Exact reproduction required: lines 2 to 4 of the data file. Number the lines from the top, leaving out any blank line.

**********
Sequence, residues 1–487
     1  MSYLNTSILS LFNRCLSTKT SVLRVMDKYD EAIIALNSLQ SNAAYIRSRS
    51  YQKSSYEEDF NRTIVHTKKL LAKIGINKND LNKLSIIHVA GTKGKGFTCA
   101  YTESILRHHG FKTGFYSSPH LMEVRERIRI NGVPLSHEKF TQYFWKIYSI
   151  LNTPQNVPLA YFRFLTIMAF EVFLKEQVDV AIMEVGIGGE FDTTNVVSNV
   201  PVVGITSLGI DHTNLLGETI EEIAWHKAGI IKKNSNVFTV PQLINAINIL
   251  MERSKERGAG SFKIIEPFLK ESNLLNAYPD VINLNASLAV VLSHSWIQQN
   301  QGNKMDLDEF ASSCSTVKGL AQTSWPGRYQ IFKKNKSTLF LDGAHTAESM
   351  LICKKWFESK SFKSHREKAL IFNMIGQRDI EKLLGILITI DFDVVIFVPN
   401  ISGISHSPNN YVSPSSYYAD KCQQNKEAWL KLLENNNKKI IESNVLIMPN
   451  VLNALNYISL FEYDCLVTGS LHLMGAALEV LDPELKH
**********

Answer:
     1  MSYLNTSILS LFNRCLSTKT SVLRVMDKYD EAIIALNSLQ SNAAYIRSRS
    51  YQKSSYEEDF NRTIVHTKKL LAKIGINKND LNKLSIIHVA GTKGKGFTCA
   101  YTESILRHHG FKTGFYSSPH LMEVRERIRI NGVPLSHEKF TQYFWKIYSI